Arguments for God's Existence
Arguments for the existence of God come in many different forms; some draw on history, some on science, some on personal experience, and some on philosophy. The primary focus of this site is the philosophical arguments—the ontological argument, the first cause argument, the argument from design, and the moral argument.
Each of these arguments, if successful, supports a certain conception of God: the ontological argument, for instance, is an argument for the existence of a perfect being; the first cause argument is an argument for the existence of an eternal Creator; the argument from design is an argument for the existence of Creator with a special interest in humanity; the moral argument is an argument for a moral authority.
Each of the arguments, if successful, then, so supports a specific religion to the extent that its conception of God matches that supported by the argument.
The Ontological Argument
The first purported proof of the existence of God is the ontological argument. The ontological argument seeks to prove the existence of God from the laws of logic alone. It dates back to St Anselm, an eleventh century philosopher-theologian and archbishop of Canterbury, but was also used by the French philosopher René Descartes. It argues that once we mentally grasp the concept of God we can see that God’s non-existence is impossible. This argument, if it is successful, demonstrates the existence of a perfect being that could not possibly fail to exist.
The First Cause Argument
The second purported proof of the existence of God is the first cause argument, also called “the cosmological argument”. The first cause argument seeks to prove the existence of God from the fact that the universe exists. The universe came into existence at a point in the distant past. Nothing can come into existence, though, unless there is something to bring it into existence; nothing comes from nothing. There must therefore be some being outside of the universe that caused the universe to exist. This argument, if it is successful, demonstrates the existence of a Creator that transcends time, that has neither beginning nor end.
The Argument from Design
The third purported proof of the existence of God is the argument from design, also called “the teleological argument”. The argument from design seeks to prove the existence of God from the fact that the universe is ordered.
The universe could have been different from the way that it is in many ways. It could have had different laws of physics; it could have had a different arrangement of planets and stars; it could have begun with a more powerful or a weaker big bang.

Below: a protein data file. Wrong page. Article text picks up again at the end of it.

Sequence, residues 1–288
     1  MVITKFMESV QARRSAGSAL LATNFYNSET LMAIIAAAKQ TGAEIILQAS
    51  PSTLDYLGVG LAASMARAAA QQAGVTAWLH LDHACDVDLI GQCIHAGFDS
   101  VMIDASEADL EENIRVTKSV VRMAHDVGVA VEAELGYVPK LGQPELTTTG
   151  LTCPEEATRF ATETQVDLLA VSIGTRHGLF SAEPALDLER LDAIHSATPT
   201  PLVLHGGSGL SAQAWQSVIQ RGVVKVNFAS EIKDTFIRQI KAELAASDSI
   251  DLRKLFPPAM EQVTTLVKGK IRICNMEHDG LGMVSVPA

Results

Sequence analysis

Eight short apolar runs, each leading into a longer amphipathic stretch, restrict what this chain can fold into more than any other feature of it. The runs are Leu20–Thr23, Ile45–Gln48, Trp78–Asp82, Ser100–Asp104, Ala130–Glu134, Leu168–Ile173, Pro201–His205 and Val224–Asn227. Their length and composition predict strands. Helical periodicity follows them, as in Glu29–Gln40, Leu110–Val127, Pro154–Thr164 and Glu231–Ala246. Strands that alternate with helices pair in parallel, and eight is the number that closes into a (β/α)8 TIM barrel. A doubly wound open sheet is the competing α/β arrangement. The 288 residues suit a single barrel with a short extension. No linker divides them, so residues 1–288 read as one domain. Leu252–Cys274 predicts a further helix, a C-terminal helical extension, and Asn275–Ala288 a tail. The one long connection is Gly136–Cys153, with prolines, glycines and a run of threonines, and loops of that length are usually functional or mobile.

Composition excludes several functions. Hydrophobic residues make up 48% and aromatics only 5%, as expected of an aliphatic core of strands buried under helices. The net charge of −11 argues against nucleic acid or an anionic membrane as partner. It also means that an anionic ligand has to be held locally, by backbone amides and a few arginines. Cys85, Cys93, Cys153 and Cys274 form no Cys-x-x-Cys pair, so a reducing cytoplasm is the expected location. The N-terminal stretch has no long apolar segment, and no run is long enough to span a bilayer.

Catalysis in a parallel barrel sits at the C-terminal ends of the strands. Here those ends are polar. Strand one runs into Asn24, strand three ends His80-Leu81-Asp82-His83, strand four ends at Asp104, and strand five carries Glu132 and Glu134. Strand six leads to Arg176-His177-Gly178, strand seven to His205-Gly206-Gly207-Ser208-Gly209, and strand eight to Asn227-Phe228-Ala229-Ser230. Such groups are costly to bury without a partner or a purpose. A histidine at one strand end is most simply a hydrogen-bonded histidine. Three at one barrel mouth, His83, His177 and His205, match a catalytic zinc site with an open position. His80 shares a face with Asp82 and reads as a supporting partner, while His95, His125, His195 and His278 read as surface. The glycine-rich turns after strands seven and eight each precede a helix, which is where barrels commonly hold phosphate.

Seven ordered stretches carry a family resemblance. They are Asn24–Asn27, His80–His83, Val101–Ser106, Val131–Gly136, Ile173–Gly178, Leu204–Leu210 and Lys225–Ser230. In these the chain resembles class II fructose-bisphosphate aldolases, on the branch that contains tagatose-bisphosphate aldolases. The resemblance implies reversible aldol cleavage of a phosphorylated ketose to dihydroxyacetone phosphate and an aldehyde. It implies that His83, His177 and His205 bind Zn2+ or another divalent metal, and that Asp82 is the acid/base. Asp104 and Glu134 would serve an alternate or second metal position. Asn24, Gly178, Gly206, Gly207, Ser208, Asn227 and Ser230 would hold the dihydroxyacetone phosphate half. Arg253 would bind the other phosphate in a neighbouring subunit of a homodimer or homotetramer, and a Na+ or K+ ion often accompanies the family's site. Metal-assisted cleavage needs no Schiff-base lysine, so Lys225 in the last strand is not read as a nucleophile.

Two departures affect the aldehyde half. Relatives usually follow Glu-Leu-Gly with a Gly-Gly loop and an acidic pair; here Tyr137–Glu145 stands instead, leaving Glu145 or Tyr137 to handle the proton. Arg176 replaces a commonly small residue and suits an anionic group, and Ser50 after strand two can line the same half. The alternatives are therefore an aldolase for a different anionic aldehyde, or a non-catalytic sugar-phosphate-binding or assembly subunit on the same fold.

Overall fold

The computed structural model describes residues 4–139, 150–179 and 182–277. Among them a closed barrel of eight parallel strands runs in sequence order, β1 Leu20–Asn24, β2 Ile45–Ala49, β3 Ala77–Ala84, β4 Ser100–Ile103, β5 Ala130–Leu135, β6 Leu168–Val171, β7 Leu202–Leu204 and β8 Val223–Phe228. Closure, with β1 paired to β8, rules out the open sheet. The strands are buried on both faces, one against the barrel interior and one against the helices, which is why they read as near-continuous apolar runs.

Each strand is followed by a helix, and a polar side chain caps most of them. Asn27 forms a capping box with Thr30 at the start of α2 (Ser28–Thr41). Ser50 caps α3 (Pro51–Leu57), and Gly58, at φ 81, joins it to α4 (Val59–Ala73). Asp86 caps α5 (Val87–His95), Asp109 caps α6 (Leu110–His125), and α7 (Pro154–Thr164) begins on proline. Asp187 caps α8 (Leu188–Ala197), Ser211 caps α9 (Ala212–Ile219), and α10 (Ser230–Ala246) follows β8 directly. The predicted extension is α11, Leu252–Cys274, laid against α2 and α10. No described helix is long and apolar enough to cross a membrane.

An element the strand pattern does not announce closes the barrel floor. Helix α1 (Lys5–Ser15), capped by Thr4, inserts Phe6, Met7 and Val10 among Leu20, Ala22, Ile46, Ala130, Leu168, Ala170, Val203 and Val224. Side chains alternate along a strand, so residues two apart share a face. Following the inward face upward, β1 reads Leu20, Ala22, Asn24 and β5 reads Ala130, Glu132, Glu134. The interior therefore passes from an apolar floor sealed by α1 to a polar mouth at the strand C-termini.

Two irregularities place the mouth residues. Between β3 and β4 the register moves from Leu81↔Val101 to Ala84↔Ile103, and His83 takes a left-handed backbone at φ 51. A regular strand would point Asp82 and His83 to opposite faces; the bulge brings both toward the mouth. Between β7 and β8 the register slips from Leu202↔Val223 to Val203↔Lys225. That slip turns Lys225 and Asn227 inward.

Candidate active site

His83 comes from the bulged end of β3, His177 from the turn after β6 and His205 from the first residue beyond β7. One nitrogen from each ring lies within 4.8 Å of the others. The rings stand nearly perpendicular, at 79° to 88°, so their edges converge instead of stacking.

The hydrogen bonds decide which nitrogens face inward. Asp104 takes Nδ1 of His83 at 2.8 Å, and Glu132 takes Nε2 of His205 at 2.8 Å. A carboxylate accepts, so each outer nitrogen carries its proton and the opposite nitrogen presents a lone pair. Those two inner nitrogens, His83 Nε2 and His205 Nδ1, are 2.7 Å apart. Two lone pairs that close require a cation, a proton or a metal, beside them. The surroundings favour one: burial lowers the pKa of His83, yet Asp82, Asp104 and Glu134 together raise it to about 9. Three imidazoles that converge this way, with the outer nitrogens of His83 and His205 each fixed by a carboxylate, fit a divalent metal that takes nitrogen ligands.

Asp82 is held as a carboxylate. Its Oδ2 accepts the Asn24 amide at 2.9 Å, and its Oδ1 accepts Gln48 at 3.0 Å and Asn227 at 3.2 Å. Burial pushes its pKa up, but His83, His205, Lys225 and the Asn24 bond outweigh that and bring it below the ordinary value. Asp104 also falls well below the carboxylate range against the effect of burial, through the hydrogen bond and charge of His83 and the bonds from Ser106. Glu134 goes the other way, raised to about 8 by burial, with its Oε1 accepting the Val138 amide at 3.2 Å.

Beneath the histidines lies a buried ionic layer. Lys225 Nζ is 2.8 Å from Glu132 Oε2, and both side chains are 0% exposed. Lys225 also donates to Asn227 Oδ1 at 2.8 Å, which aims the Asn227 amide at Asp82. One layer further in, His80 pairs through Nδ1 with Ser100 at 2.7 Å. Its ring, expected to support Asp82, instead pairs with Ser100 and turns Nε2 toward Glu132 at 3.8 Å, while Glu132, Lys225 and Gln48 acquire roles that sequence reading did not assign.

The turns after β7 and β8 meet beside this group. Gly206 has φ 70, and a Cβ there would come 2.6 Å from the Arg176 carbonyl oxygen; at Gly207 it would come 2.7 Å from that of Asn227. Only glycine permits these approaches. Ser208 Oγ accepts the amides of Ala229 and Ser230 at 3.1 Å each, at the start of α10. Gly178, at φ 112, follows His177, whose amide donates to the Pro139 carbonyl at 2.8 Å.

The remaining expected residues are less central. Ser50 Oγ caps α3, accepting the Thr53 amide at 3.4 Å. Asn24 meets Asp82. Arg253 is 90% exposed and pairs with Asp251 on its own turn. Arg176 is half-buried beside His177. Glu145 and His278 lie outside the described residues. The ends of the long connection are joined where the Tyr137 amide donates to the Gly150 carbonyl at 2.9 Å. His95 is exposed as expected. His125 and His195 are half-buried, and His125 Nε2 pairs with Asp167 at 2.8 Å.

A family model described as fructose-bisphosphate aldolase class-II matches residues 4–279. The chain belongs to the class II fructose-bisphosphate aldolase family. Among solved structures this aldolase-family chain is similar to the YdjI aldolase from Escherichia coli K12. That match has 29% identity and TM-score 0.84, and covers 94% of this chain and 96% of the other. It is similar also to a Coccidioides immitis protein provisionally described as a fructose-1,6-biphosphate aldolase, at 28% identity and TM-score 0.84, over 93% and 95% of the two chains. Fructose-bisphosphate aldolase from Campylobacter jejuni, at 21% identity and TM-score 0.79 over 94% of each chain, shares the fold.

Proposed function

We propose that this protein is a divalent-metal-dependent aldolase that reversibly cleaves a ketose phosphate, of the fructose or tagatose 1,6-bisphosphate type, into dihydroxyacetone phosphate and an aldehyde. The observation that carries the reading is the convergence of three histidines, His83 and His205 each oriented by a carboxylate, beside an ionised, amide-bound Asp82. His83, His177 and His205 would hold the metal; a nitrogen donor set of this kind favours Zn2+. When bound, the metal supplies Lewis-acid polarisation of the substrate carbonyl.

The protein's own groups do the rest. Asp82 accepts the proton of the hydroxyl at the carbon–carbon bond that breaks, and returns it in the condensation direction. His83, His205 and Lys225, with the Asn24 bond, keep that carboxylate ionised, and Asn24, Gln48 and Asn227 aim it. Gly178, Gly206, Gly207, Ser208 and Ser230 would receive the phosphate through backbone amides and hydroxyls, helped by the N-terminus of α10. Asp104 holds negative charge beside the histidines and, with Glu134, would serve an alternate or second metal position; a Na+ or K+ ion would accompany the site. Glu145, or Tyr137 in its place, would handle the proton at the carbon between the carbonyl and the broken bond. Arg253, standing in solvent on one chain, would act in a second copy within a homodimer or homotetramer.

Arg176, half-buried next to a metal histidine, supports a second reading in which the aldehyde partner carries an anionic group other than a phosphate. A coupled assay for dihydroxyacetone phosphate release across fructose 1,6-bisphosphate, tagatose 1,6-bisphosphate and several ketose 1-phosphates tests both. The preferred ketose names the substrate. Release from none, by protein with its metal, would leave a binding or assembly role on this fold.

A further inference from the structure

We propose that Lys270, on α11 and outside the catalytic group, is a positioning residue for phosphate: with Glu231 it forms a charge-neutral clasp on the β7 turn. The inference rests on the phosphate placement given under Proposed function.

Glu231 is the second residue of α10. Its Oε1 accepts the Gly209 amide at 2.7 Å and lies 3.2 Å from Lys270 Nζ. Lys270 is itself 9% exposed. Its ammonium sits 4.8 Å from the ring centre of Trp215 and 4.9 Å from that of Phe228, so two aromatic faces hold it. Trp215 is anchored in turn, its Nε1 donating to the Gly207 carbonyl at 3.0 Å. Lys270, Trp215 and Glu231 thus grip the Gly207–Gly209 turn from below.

The vast majority of these possible universes would not have allowed for the existence of life, so we are very fortunate indeed to have a universe that does. On an atheistic world-view, there is no way to explain this good fortune; the atheist must put this down to chance. On the view that God exists, though, we can explain why the universe is the way that it is; it is because God created the universe with beings like us in mind. This argument, if it is successful, strongly suggests the existence of a Creator that takes an interest in humanity.
The Moral Argument
The fourth purported proof of the existence of God is the moral argument. The moral argument seeks to prove the existence of God from the fact that there are moral laws.
Moral laws have the form of commands; they tell us what to do. Commands can’t exist without a commander though, so who is it that commands us to behave morally?
To answer this, we only need to look at the authoritative nature of morality. Commands are only as authoritative as is the one that commands them; a command of a ruler carries more authority than a command of a citizen. Moral commands, though, have ultimate authority; they are to be obeyed under all circumstances. Their authority transcends all human authority, and they must therefore have been commanded by a being whose authority transcends all human authority.
The existence of moral laws, the argument concludes, thus demonstrates the existence of a being that is greater than any of us and that rules over all creation.
Together, then, these arguments claim to prove the existence of a perfect, necessary, transcendent being that created the universe, has authority over it, and takes an interest in humanity. This, if it could be accomplished, would be more than enough to show that the Christian conception of God, and those conceptions of God related to it, are close to the truth.
It’s time to examine the arguments. The first is the ontological argument.